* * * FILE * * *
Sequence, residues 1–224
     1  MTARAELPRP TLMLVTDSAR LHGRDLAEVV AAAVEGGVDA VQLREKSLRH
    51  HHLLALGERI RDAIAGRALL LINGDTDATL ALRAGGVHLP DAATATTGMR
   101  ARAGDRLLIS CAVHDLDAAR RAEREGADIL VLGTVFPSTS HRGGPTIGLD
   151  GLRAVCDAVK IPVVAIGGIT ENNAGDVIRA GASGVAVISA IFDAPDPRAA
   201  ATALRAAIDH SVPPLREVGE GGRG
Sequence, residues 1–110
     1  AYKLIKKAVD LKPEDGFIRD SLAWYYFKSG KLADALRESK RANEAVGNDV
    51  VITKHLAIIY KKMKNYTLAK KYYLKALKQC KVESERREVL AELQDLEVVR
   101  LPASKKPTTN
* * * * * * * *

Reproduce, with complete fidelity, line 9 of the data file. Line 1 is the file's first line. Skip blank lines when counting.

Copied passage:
    51  VITKHLAIIY KKMKNYTLAK KYYLKALKQC KVESERREVL AELQDLEVVR